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Thoughts on being thankful

In the early 1970s when I was a graduate student at the University of Kentucky in Lexington, we made a few trips back to Western Nebraska after classes were over in the spring. With warm weather and no air conditioner, the car windows usually were open to let in the cool fresh air. Driving across Iowa on Interstate 80 that air often included the wafting odor of hogs. We commented to each other that we would not want to live here. Ironically, just a few years later we moved from Florida to Iowa!

We arrived in Iowa with our rental truck on what must have been one of the coldest August days on record, or so it seemed. Although the weather soon turned warm again for a normal autumn, that cold day was an ominous sign. On Thanksgiving Eve we drove to Norfolk, Neb., to spend the weekend with Linda’s parents. We had about every kind of weather imaginable on the drive except a tornado—pea soup-thick fog, rain, snow, lightning, thunder—making for an unforgettably scary trip. Again, the weather turned fairly decent until after Christmas, when the temperature dropped below zero. I grew up in the Midwest and thought I knew cold weather. In Western Nebraska, though, cold days in January were always interspersed with a few warm days. During that January, temperatures here ranged between 10 above and 10 below zero or colder. No mid-January thaw. And, of course, incessant snow! I shoveled through the snow piled in front of our drive by the snowplow to get out in the morning, and shoveled again to get back in in the evening. With no garage, on the coldest nights I went out at midnight and again at three a.m. to start the car, warming the engine to make sure it would start in the morning.

About now you are probably asking, “This is a message of thankfulness?” Before we were married we talked about how we wanted to someday live in Colorado, if not in the mountains, at least within their sight and easy reach. Graduate school took us to Kentucky, with winding byways through scenic rolling hills, the Appalachian foothills only an hour away, and long spring and fall seasons. My first job after graduate school was in Florida, with white sandy beaches, fresh seafood and year-round warm weather.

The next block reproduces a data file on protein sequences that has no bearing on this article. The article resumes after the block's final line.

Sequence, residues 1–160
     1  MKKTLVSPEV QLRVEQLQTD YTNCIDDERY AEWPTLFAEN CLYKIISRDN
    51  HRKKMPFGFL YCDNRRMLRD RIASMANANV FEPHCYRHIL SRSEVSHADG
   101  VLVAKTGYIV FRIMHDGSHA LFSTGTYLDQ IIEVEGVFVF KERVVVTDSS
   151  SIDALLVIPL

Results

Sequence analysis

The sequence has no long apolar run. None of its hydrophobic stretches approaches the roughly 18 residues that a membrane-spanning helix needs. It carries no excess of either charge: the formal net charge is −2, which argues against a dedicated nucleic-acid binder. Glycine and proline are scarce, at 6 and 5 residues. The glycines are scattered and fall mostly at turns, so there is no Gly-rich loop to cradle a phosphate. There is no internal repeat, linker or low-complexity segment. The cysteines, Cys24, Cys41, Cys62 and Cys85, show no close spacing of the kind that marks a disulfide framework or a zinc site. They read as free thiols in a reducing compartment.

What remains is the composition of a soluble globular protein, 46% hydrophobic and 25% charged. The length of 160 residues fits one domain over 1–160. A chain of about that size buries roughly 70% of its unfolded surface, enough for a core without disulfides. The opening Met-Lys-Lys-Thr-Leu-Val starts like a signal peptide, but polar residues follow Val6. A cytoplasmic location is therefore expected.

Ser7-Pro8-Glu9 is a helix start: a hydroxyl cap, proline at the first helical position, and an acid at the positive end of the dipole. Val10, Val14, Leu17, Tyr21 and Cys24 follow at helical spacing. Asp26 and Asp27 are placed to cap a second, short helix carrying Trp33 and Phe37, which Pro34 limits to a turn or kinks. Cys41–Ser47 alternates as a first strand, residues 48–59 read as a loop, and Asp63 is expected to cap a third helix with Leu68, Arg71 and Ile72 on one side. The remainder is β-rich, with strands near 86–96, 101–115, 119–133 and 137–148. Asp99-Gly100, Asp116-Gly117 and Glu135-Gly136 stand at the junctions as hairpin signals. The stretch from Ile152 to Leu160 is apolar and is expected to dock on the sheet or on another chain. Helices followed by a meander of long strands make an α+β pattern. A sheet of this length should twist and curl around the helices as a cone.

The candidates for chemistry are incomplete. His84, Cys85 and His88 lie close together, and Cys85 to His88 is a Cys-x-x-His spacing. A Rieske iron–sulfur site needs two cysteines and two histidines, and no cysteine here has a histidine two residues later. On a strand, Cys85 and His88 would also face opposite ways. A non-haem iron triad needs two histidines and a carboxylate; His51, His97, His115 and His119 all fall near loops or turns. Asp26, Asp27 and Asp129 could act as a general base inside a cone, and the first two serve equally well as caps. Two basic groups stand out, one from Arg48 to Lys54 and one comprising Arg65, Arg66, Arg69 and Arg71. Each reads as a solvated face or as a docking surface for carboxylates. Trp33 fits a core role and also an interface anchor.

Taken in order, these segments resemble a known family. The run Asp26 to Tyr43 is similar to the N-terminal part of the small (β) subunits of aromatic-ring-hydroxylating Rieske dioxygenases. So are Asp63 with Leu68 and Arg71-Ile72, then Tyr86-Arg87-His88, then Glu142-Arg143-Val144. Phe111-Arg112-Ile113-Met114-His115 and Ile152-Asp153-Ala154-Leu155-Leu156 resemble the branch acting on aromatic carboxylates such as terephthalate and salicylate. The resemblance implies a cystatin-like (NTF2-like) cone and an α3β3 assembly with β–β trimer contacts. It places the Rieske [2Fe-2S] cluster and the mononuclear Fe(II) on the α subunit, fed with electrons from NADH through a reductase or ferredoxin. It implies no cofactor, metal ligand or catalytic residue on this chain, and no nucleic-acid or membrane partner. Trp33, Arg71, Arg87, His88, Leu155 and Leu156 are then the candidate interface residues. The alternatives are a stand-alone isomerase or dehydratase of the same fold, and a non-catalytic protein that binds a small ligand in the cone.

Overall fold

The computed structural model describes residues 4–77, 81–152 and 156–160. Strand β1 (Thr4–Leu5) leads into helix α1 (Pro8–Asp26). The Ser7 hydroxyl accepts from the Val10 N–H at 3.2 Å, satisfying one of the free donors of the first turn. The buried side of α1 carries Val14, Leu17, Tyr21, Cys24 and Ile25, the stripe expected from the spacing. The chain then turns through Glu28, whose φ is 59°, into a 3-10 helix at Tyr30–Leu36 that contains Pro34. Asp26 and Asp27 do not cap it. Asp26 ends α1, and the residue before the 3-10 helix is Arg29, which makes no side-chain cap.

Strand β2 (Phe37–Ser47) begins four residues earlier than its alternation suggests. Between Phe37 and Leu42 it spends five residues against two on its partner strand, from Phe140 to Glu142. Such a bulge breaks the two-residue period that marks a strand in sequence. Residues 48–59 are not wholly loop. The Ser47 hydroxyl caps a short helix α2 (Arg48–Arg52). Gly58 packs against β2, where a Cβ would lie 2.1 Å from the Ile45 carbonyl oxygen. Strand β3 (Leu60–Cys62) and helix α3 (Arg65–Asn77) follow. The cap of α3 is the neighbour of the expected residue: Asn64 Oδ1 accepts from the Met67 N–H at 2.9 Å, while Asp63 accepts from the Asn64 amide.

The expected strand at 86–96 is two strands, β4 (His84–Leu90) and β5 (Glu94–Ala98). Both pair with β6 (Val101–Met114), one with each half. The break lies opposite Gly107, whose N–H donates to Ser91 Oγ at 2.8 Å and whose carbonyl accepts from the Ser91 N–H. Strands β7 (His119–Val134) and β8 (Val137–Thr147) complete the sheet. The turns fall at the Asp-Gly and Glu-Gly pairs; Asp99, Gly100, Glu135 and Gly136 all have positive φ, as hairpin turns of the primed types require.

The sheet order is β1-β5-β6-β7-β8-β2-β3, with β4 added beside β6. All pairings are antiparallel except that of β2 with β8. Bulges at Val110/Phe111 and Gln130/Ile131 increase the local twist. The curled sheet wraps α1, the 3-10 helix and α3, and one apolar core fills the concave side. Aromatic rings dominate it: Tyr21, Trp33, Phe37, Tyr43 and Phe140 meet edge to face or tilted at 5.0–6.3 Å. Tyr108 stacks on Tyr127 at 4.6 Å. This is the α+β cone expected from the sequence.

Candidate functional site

When an opportunity at Iowa State University presented itself, I had misgivings about pursuing it because I liked my job and the amenities of Florida life. Luckily, Linda’s family ties were strong enough to persuade me to apply for and accept the opportunity. Beginning with first seeing the position announcement, a series of events, whether happening completely by chance or guided by providence, led us to settle here in Nevada. And overall, the years here have been good. Nevadans are friendly and we made some good friends. It was a great place to raise our two children, Angela and Aaron. They received a strong educational foundation in the Nevada school system. Growing up, they enjoyed community activities such as the parades, and now our grandchildren look forward to them as well. Some readers may remember Linda’s business, Old Glory Antiques and Gifts. She still receives nice comments from former customers. Now retired, I appreciate even more all the area has to offer, especially Nevada’s new library and the trail system that help keep me mentally and physically fit.

Relatively flat Central Iowa with corn-and-beans scenery is not as exciting as lofty snow-covered mountains, colorful country byways, or rolling waves on sandy beaches. On the other hand, we have little danger from forest fires, flash floods and hurricanes. I am thankful that events led us here, and though I still may complain about the cold, the cold is overpowered by all the warmth!

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